I wouldn't think the Christmas tree LED's are the most efficient LED lights out there in terms of power use. But LED's are over all more efficient then compact or linear florescence's and will come more into use when they become ad cheap as CF lights are now.

and for plants i would stick with the natural light ones, not sure they even have LED plant lights yet in proper spectrum.





Albuquerque, NM(Zone 7a)

Oh, there definitely ARE some LED lights with natural-sunlight spectrum on the market. I've seen them used at coin shows, where they're quite handy for showing off coins more as they appear under sunlight.

As for how efficient they are, I have no idea, and I'd bet they're quite expensive, but I don't know that either. But I'd imagine that over time, they may come down in cost.

It is of course not necessary to have plant lights turned 24 hours a day in any case. Plants need periods of relative darkness to grow most efficiently, because that's when they go into their oxidation cycle. I'd guesstimate a maximum of 16-18 hours of light per day, natural and artificial light combined, is all need for almost any purpose. If anybody has more authoritative figures, please post.

Hutto, TX(Zone 8b)

This topic is a bit old, but an easy way to test...if you have a string of lights and access to a photographer, borrow the photographer's light meter, then measure the intensity of the lights at 1-3 inches. That's the distance that those of us that use florescent lights maintain for our seedlings.

David

Ozark, MO(Zone 6a)

I've acquired a few LED gadgets like flashlights, and I've noticed that the light they produce is much different from that of incandescent or flourescent bulbs. LED light is extremely bright (it hurts to shine it in your eyes) but you can't see too well with the flashlights. It's like the light doesn't reflect back very well. So I don't know, but I suspect that the kind of bright white LED's I've got wouldn't be very good for growing seedlings.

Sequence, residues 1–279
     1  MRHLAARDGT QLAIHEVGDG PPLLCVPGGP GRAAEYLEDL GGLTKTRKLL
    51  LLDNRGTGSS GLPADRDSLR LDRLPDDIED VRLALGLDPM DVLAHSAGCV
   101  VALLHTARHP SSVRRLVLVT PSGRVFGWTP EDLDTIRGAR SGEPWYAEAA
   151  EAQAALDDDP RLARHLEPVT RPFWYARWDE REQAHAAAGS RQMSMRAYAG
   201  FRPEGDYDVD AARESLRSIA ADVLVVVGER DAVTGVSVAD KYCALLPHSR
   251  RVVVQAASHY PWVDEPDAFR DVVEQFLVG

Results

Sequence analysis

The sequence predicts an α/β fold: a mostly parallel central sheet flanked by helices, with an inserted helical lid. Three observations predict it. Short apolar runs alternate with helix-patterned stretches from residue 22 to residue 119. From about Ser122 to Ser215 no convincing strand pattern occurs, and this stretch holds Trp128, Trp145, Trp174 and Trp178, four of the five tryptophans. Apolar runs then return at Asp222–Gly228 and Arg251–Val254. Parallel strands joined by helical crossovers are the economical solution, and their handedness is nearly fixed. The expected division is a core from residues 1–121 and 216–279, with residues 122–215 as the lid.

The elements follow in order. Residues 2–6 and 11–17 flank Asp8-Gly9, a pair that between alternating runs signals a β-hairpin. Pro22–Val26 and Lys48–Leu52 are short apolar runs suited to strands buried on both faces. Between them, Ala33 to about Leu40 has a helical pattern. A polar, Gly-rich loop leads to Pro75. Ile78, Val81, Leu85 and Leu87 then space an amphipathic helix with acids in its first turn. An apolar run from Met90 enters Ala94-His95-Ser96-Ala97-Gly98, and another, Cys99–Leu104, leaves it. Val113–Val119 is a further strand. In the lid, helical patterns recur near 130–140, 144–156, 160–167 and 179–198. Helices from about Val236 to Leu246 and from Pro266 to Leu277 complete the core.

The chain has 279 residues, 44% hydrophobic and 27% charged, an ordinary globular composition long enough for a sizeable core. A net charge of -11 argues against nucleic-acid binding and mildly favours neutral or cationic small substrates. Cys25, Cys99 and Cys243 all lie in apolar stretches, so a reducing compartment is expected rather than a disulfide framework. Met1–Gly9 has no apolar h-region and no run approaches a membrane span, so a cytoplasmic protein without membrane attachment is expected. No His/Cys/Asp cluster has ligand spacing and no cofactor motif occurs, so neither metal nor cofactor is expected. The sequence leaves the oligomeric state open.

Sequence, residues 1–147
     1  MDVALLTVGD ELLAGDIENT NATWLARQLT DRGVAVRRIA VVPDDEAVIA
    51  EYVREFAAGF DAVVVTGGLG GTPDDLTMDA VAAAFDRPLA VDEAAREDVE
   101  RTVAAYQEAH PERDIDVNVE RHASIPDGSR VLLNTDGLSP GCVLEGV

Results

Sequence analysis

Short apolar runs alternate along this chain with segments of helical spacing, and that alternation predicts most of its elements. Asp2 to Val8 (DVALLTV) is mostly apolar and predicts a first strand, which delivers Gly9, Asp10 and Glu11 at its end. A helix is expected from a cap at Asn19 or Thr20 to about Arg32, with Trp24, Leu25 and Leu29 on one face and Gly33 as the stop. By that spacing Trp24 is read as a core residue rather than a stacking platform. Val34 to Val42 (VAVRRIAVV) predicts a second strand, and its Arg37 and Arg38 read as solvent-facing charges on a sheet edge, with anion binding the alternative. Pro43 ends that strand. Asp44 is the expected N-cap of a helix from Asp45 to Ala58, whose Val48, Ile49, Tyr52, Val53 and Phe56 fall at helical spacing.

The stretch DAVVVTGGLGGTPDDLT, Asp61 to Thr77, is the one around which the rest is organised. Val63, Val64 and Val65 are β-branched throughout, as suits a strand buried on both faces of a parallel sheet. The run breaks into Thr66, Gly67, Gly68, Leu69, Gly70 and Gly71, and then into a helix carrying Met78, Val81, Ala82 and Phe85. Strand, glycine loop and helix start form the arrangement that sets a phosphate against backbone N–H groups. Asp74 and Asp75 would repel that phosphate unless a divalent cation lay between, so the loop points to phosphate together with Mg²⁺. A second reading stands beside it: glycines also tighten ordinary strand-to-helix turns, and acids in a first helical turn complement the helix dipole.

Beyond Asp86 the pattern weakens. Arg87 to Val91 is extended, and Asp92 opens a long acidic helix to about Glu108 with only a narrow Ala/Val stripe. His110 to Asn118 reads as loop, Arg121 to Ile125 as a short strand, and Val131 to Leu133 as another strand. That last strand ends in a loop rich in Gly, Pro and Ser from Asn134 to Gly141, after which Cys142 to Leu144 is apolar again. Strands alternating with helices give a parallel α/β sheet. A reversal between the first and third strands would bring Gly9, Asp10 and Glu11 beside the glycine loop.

I keep my flourescent bulbs on a timer so they burn 16 hours a day. That's about our maximum length of daylight here in summer, and my idea is to make the new seedlings "think" it's already late June and they need to hurry to catch up. It seems to work real well.

Annapolis, MD

Last Christmas we bought new blue LED lights to put on house. I was surprised to see HOW BRIGHT they were, much brighter than previous LEDs we had purchased. You could see the glow of our house for blocks away. I have not tried the light box yet, but it just might work!

Durhamville, NY(Zone 5b)

Quoting:
I've noticed that the light they produce is much different from that of incandescent or flourescent bulbs. LED light is extremely bright (it hurts to shine it in your eyes) but you can't see too well with the flashlights.



They appear so bright when you stare at them because the light is produced in a very small area but the total light isn't all that great. It's kind of like grabbing a hold of a candle flame. It's going to burn you because in that small space it is very hot, but it's not going to heat your house.

Liberty Hill, TX(Zone 8a)

Cool spectrum for growth and warm spectrum for blooming. I'm only familiar with florescent shop lights.

Now that I think the weather has stabilized for good (I think /hope) I'm going to move all but the smallest of my pepper plants out to the back porch. I keep thinking that they grow better under lights but then I move them outside and they grow much faster, if the weather stays warm. Why can't I get this thru my thick head?

Ozark, you should know better then to shine a flash light in your eyes. Lol

Jonesville, SC(Zone 7b)

I like to have some air circulating around my seedlings. It supposed to help keep diseases to a minimum and I put a fan blowing on them for a little while as well each day to make them stronger. You would have to take a pencil, pen, sheet of paper, etc. and gently brush the seedlings to help develop strong plants in the container described above. Plus, I do not like them being contained in a closed area without any air flow. Just my opinion.

Liberty Hill, TX(Zone 8a)

Yes, to me air circulation is a given its good in disease prevention as well as strong seedlings. You can always run your hand across the top a few times a day. They smell so good.

Lebanon, TN

Have low light plants on top of kitchen cabinets. Travel a lot now and need a consistent light source. Any LED light recommendations?